Jason’s shirt looked like something straight out of Pride and Prejudice.
It was a perfect evening filled with frills and twirls. My feet were throbbing by the end of the night but I enjoyed every minute of the ball regardless. It provided an excellent excuse to get dolled up and then get down. The setting may not have been as plush as the halls of Pemberley but I felt immersed in that classic grandeur all the same. Plus, my late model Mr. Darcy was definitely handsome enough to tempt me. I hope we can attend this event again next year. You might want to consider joining us. After all, any savage can dance.
Most people would never be willing to jump into an ice-topped lake in the middle of winter for any cause, even to save their own mother, but there are a few that would be tempted to participate in a polar plunge once just to cross it off their bucket list. Then there are those, like us, who have plunged again and again. We habitual jumpers repeat this tradition for a different reason- we are crazy.
For the third consecutive year, Jason and I took part in the Polar Bear Plunge, a fundraiser for the Special Olympics. Now, before you gasp in dismay, remember: no ill-fated endeavor is too idiotic for charity. Diving into 30 degree water is stupid but diving into 30 degree water for a cause is heroic…or at least benevolently foolhardy. And believe me, you need those goodwill warm fuzzies when you’re submerged in water so cold that you can’t breathe.
Our super team featured Mario, Luigi, Princess Peach, Toad, Waluigi, and Wario.
Our team again dressed in ridiculous costumes for this event. This time Super Mario Bros. was our muse. Because of my blonde hair, I was nominated to come as Princess Peach. Being royalty was okay with me but it did require some gussying up. I didn’t finish sewing my skirt, crown, and necklace until 2 AM the morning of the jump due to some other stitching projects consuming all of my time. It’s hard being a Highness.
Jason and Jeremy again pulled out their special Speedos for this special event.
Our geeky theme turned out to be immensely popular. While we arrived too late to participate in the costume contest, which for unknown reasons started half an hour earlier than scheduled, I’m pretty certain that we would have won had we been present. Once our team had all gathered, it took us about 20 minutes to move the few yards to the jump line because so many people wanted their picture taken buy furosemide lasix no prescription with us. Our costumes also attracted the attention of news crews and we ended up being interviewed by two different stations. Oh the woes of being everyone’s darlings! See the links I posted in the comments section to check out those news clips.
Your unavoidable fate as a Popsicle fills you with horror as you plummet toward that icy water.
We were expecting to be blown about and snowed upon by a winter storm as we were bounding into Utah Lake but, thankfully, the skies cleared unexpectedly that morning for a bit. Although it was still unbearably cold, that sunshine, and its imagined warmth, made us feel a little better about charging into water that had been covered with ice 18 inches thick just a few days earlier. The lake was so iced up this year that the usual chainsaw method could not be used to cut a plunging hole. Yup, it’s been a frigid winter and the bits of the lake that weren’t frozen solid felt like they might as well have been when we hit them.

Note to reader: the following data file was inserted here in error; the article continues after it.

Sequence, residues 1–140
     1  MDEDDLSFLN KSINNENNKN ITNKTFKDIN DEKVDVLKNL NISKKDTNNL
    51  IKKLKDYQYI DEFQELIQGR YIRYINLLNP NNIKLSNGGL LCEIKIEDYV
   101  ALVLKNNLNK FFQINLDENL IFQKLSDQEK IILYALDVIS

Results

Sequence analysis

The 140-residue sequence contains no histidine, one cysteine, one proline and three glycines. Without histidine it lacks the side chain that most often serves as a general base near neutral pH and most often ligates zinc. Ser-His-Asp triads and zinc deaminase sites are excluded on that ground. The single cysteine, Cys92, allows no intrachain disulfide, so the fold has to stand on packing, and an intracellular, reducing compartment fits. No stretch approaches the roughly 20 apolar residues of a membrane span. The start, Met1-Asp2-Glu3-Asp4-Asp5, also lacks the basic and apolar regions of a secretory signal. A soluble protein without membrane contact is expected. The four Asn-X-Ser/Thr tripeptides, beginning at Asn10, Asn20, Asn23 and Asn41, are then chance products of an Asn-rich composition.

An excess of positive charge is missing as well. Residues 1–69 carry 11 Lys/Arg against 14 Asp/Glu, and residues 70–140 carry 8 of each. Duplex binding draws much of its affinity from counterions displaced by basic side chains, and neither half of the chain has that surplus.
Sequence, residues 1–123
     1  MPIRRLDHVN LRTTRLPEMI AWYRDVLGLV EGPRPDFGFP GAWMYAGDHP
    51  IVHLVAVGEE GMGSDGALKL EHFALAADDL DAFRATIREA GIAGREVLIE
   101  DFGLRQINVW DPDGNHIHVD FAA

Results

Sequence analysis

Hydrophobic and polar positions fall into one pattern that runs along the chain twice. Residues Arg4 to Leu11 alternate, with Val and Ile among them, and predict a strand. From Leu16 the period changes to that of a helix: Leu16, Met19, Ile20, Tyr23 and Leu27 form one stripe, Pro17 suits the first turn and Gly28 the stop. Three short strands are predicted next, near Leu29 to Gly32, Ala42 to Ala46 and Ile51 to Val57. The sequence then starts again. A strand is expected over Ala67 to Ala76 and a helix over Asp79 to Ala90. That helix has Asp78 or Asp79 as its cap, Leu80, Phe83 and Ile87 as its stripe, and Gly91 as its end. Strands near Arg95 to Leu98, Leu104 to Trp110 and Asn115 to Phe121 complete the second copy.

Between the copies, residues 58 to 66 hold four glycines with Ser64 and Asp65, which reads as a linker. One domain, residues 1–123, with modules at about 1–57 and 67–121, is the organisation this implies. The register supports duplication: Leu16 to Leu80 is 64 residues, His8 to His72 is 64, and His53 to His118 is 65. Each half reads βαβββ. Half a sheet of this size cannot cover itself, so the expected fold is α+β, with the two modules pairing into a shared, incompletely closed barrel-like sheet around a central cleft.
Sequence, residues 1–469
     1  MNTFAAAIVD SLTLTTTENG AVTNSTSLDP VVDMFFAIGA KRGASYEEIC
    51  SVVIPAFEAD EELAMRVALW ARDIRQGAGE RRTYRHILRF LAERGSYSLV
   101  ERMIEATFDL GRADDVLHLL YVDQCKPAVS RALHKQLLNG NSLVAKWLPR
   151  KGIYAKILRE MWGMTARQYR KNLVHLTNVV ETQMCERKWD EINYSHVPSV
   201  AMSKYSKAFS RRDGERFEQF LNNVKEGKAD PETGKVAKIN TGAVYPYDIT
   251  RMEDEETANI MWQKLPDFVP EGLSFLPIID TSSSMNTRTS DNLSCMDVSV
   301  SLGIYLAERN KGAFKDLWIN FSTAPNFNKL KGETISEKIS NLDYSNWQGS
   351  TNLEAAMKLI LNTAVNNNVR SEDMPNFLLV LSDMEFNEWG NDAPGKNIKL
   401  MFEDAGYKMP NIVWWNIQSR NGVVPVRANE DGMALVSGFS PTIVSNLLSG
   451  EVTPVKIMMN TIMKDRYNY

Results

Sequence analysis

No matter how many times you’ve plunged, that water always feels colder than you remember it being.
The plunge was a miserable but fun experience. Several of our would-be teammates chickened out at the last minute and practically had to be forced into signing up. They claimed that this would be their final plunge ever. Yet, before feeling had even returned to their extremities, they were plotting next year’s costumes. I guess that pre-plunge dread makes some people forget that this wacky experience isn’t all suffering. I can guarantee that Jason and I will be participating again next year because we are just that stupid. We don’t let things like heart-stopping cold, hypothermia, or frozen limbs get in the way of making fools of ourselves. And making fools of ourselves for a cause is even better. May the Speedo-girded glory of the Plunging Plumbers reign forever!
Jason and I have been home even less frequently than usual as of late. Between mini-vacations, Sundance films, work trips, and all that regular stuff, the last few weeks have flown by in an awful hurry. But that didn’t stop us from somehow squishing yet another weekend getaway into our schedule. Our friends, Cam and Jim, are involved in a business together. They, along with their wives, were going to spend a couple days at a cabin up at Daniels Summit as a corporate retreat. Jason and I are not connected with their company in any way but they extended an invite for us to tag along nonetheless. We are usually the ones offering the free stays so this was a reversal of norms. I guess sometimes karma does give kickbacks.
The cabin had a large living area that made a great place to relax and laugh.
The cabin turned out to be monstrous. I think our house would probably have fit in it a couple times over. Its cozy living space quickly became game central. Jason and I taught the gang Saboteur and then tried to teach everyone Bang. The concept of Bang is apparently more elusive than I thought, which explains why the team Jason and I were on slaughtered all the others effortlessly.
Jason and I got trapped in our room by a blockade of fluff.
After our gaming that first night, Jason became a rabble-rouser. My hubby is an instigator, as many of you know, and he was in true mischief-maker mode that evening. He prompted a few juvenile pranks and soon pillows were flying everywhere. Before long, that ringleader and I found ourselves barricaded in our room by a wall of couch cushions. Good times.